In an effort to solve the problem, I called Delta and requested to be moved to the seat next to my party, and barring that, any available aisle seat would be preferred to where they'd moved me.

I was told the seat next to my party is occupied, and there aren't any aisle seats open on the entire plane. End of discussion.

As a creature of logic, I'm trying to understand the reasoning behind this. First of all, I would understand if every passenger in an aisle seat had already checked in and confirmed that, yes, they did indeed want that seat. First come, first served makes sense to me.  But check-in has only been open for an hour. There is no way in hell everyone has checked in already.

Furthermore, I was one of those in possession of an aisle seat less than an hour ago. Something in the Great Seat Assignment Algorithm caused me and at least two other reservations to be shifted, which means other passengers had to be moved to make room for us.  Yet, no one else in the entire plane can be moved to accommodate my request now?  How was it that someone got our original seats?  Blood sacrifice?  Sexual favors?

It seems to me that Delta only starts to respect the details of a traveler's reservation after they've already made a mess of the whole thing, thereby trapping passengers in something they never wanted in the first place.  And the saddest part is that Delta is not the most complained-about major US domestic airline out there.

I realize that very few airlines guarantee seat assignments nowadays; I really do. However, I've done my fair share of traveling over the past decade, and I have never had this kind of blatant disregard for customer request and preference on my preferred airlines, and especially not when the request was made this early. Furthermore, I think I've been pretty patient regarding today's travel rules. I've accepted a lot of changes and restrictions for the sake of traveling as safely and affordably as I can.  I've been able to find reason behind a lot more inconveniences than many others. What I can't abide, however, is being subject to things that simply make no sense. That is the straw that breaks this camel's back.

After this weekend, I'm going back to my preferred airlines. In the meantime, I'm bringing my own food.


Vegas escape

When you live in a place known for its green,
the desert is a beautiful change of pace:

too many people think Las Vegas is reserved
solely for those looking for debauchery.

I respectfully disagree.
You just have to look a little closer.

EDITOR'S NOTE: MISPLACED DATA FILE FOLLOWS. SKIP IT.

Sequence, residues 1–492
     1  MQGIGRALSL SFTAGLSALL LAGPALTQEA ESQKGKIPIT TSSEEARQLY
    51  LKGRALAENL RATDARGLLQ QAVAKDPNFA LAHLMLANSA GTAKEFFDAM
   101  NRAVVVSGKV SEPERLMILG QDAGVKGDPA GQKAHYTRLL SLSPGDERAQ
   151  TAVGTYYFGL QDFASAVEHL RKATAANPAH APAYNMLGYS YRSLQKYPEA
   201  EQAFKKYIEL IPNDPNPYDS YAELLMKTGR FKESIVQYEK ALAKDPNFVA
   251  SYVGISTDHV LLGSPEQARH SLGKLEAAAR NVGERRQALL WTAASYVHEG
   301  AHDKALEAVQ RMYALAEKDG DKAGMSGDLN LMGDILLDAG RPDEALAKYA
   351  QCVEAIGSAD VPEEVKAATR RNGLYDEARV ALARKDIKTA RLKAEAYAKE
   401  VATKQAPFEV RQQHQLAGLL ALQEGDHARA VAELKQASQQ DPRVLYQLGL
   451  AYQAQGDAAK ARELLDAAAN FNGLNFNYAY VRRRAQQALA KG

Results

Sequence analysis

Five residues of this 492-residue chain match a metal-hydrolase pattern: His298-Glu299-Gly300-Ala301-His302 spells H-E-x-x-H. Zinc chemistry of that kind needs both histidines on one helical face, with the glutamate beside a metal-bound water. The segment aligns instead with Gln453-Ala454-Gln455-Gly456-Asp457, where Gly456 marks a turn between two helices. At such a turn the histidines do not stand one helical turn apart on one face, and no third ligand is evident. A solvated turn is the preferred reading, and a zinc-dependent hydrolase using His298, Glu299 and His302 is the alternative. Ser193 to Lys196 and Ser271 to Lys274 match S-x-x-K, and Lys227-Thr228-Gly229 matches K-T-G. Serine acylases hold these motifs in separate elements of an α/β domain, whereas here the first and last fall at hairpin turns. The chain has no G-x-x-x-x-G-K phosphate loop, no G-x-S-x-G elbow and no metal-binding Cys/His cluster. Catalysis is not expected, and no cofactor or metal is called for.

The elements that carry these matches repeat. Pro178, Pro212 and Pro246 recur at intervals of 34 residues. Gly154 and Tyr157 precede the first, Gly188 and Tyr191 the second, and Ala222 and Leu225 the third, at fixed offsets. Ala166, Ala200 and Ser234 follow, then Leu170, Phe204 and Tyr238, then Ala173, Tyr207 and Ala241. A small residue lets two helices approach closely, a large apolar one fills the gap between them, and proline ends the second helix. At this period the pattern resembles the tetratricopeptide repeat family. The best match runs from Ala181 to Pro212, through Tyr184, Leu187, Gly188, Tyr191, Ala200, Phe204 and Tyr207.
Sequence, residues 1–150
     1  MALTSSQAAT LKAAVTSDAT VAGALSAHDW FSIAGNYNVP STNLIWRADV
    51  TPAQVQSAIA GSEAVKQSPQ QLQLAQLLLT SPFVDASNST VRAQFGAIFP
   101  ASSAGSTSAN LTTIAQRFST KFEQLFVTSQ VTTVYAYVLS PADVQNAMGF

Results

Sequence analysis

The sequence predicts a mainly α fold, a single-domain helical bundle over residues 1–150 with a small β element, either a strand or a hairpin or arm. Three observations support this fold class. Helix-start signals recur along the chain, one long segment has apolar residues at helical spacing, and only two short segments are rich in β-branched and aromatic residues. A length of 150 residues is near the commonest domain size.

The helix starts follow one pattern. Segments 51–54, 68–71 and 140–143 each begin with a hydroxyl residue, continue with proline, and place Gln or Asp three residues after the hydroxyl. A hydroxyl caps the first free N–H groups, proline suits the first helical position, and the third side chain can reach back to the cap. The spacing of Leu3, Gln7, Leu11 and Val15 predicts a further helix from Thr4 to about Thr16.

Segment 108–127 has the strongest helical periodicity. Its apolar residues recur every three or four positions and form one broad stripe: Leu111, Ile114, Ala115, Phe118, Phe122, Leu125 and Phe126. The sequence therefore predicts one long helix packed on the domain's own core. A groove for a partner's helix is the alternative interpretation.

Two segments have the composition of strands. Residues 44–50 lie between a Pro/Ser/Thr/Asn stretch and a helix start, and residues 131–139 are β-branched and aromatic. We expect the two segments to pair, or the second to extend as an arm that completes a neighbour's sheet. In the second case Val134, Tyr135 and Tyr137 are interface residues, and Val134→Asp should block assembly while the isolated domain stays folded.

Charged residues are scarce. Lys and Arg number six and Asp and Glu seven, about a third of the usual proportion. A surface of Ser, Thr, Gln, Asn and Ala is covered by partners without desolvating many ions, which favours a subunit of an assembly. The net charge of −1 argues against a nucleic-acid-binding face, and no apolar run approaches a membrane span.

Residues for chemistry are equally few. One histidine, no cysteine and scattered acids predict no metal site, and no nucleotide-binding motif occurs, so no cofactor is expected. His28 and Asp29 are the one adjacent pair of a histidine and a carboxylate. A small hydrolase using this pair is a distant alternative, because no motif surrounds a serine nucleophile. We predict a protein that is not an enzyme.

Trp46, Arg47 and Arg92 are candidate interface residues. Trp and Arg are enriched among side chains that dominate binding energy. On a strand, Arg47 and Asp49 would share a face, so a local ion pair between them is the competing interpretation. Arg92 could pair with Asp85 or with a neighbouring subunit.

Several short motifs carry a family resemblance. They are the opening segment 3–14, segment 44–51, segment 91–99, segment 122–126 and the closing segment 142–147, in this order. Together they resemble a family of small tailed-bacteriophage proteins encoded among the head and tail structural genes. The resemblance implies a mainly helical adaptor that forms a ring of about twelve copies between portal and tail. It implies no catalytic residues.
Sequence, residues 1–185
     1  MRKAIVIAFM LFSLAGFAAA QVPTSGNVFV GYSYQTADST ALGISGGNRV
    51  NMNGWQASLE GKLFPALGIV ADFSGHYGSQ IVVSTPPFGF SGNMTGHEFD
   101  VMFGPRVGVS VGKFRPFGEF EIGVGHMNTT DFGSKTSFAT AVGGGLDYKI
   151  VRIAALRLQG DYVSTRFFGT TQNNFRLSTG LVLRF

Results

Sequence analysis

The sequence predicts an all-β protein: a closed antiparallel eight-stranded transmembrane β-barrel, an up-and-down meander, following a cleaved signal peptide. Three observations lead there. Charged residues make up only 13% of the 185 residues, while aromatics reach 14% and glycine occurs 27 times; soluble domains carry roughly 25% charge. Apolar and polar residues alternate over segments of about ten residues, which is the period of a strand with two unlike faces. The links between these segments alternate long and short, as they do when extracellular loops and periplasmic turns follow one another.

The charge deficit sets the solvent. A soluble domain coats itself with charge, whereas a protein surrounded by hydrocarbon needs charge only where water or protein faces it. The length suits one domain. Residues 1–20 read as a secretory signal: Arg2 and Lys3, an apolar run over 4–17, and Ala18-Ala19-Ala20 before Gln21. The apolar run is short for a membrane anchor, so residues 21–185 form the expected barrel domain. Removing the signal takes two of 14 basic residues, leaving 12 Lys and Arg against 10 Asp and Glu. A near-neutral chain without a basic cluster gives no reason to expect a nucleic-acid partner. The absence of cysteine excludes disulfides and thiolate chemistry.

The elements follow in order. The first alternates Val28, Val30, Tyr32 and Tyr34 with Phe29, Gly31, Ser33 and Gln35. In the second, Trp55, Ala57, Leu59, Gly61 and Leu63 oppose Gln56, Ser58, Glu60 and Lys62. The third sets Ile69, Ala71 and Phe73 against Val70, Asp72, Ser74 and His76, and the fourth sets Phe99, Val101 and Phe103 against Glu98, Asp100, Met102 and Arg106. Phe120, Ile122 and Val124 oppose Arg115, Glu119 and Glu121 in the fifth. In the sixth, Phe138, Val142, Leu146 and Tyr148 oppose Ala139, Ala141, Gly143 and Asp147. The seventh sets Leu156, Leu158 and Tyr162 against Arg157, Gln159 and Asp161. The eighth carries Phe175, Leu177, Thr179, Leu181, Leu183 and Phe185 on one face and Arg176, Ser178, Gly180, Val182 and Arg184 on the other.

My perfect year

January - April:
Sydney, NSW, Australia

May - September:
London, England

September - December:
New York City, USA


Regent Street, London

One of the first European architectural gems I ever encountered firsthand was Regent Street in London. My naive 24-year old self rode an urban subway for the very first time, alighted at Piccadilly Circus, and emerged underneath the most grand, breathtaking curve of street I'd ever seen in my life.

I've since been introduced to many other architectural wonders around the world, but Regent Street will always hold a special place in my heart.

Regent Street from Sam Scott-Hunter on Vimeo.


Expedia's Find Yours

I think real travelers must have created the new Expedia ad campaign,
because it's perfect.

For the passion of travelers everywhere:


Shouting love

I realize the cheese factor of this post might be immense,
and that I have some British readers that might have different views.

But there is little doubt around the world that 2012 belongs to Great Britain,
and the entire Commonwealth should be proud of the Jubilee song, "Sing".

The lyrics are awesome, but the collaboration is even better.

Some words they can’t be spoken, only sung
So hear a thousand voices shouting love

There’s a place, there’s a time
In this life when you sing what you are feeling
Find your feet, stand your ground
Don’t you see
Right now the world is listening to what we say

Sing it louder, sing it clearer
Knowing everyone will hear you
Make some noise, find your voice tonight
Sing it stronger, sing together
Make this moment last forever
Old and young
Shouting love tonight

To sing we’ve had a lifetime to wait
And see a thousand faces celebrate

You brought hope, you brought light
Conquered fear, it wasn’t always easy
Stood your ground, kept your faith
Don’t you see
Right now the world is listening to what we say

Sing it louder, sing it clearer
Knowing everyone will hear you
Make some noise, find your voice tonight
Sing it stronger, sing together
Make this moment last forever
Old and young
Shouting love tonight

Some words they can’t be spoken only sung
To hear a thousand voices shouting love
And light and hope

Just sing
Come all and sing

Sing it louder, sing it clearer
Knowing everyone will hear you
Make some noise, find your voice tonight
Sing it stronger, sing together
Make this moment last forever
Old and young
Shouting love tonight

Hear a thousand voices shouting love